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Pa. Toughens Distracted Driving Penalties

November 14, 2016

Pennsylvania's Daniel's Law increases penalties for texting while driving that leads to crashes causing death or serious injury.
Pennsylvania's Daniel's Law increases penalties for texting while driving that leads to crashes causing death or serious injury.

Pennsylvania Gov. Tom Wolf has signed into law a bill that increases penalties for drivers whose texting behind the wheel leads to crashes that involve serious injury or death.

The law provides that a driver whose texting causes a fatal crash can receive an extra five years behind bars. If texting-related distraction leads to a crash that causes serious injury, an additional two years can be added to the sentence.

State legislators passed the bill, dubbed Daniel’s Law, partly in response to a 2013 fatal crash that killed volunteer firefighter Daniel E. Gallatin in Hickory Township, north of Pittsburgh. The distracted driver who struck Gallatin’s motorcycle, Laura E. Gargiulo, served just 60 days in jail — a sentence that inspired legislative efforts to toughen penalties for texting while driving.

After obtaining a search warrant, police located an open text message on Gargiulo’s phone that corresponded with the time of the collision, according to an Associated Press report.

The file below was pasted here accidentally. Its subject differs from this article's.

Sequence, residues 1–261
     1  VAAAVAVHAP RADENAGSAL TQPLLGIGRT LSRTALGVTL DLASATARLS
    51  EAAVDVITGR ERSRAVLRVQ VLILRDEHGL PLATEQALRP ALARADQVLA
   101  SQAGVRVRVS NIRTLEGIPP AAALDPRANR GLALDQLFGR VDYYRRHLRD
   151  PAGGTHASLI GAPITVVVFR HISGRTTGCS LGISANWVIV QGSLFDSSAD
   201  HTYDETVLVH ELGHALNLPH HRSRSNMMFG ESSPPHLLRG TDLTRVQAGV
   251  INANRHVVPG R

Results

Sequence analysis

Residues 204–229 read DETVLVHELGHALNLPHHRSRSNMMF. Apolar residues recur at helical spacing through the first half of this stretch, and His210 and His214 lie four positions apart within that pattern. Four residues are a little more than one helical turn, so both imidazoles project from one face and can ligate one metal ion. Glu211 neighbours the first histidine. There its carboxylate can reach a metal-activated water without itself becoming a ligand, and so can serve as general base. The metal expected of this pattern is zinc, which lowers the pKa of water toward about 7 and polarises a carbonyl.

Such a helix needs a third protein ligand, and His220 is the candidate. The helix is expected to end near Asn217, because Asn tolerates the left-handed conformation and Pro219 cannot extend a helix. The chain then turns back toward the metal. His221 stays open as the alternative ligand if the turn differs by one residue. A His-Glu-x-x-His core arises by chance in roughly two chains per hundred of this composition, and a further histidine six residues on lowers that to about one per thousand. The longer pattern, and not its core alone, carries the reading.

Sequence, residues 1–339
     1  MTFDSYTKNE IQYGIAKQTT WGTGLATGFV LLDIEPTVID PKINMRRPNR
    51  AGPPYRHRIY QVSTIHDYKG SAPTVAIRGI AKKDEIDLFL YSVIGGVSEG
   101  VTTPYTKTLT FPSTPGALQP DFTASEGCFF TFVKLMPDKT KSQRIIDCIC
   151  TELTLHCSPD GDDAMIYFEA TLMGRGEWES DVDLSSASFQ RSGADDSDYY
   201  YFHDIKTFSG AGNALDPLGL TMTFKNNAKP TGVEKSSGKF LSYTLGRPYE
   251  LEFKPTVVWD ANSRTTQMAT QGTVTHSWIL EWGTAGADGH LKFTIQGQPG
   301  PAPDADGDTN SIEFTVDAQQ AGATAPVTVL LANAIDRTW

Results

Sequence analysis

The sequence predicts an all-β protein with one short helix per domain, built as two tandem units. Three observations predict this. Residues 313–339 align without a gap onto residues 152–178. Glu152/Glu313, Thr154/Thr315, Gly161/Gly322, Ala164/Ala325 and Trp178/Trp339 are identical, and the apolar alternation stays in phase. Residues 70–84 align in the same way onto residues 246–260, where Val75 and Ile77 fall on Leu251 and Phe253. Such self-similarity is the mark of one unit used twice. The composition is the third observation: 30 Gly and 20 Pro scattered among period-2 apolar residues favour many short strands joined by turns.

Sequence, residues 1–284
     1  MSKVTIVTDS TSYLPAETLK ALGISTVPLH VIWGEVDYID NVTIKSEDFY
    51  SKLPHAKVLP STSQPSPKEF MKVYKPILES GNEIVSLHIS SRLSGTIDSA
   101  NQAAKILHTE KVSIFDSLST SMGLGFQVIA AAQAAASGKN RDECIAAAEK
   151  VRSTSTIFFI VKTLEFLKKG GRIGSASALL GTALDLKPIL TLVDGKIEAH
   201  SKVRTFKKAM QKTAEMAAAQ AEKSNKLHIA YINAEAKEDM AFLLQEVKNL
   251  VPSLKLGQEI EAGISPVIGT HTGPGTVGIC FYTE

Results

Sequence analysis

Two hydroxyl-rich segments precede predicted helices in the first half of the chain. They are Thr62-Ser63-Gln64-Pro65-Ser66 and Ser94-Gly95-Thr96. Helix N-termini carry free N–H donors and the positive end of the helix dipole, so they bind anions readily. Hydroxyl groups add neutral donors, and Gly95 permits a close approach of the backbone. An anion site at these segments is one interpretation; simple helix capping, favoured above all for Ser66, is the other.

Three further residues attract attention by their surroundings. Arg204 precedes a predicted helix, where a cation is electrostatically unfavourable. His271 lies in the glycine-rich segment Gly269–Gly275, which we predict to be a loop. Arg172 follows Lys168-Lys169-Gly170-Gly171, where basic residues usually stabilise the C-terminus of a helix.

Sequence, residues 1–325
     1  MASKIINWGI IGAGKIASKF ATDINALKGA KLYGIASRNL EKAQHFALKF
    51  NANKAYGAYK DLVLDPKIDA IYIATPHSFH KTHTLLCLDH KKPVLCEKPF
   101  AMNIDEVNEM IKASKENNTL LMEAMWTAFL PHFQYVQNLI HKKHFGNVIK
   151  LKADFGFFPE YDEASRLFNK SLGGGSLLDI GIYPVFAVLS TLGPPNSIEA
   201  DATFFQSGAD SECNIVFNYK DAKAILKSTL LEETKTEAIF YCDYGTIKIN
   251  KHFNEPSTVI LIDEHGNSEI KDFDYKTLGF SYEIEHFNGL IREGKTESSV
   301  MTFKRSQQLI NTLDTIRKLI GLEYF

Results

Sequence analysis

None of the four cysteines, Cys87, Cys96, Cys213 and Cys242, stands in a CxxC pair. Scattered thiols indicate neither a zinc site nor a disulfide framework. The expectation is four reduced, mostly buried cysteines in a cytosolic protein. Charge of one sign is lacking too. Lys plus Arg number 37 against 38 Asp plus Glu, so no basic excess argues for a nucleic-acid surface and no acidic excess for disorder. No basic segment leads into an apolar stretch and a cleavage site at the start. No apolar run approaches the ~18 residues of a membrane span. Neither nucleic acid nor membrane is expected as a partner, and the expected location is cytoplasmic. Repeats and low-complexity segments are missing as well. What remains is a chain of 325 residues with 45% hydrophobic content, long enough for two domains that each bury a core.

Gallatin’s heirs have filed a lawsuit against Gargiulo, her husband Joseph, their landscaping firm because it owned the SUV that she was driving, and Timothy J. Fend, the landscaping firm’s employee who had sent the text.

According to the Washington Post, the suit is especially noteworthy because it’s testing the legal theory that the text sender shares some responsibility for the crash because he knew or should have known that Gargiulo was operating a vehicle at the time he sent the text.

When contacted by the newspaper, Fend’s lawyer dismissed the lawsuit’s arguments as illogical. Attorney Michael E. Lang argued that Fend didn’t really know whether Gargiulo was driving at the time, and she was the one who decided when to read the text. Additionally, Lang said, it’s unknown whether Gargiulo actually viewed the text while she was driving. The evidence only shows that she opened the text around the time of the crash, he said.

To learn more about the lawsuit, click here.

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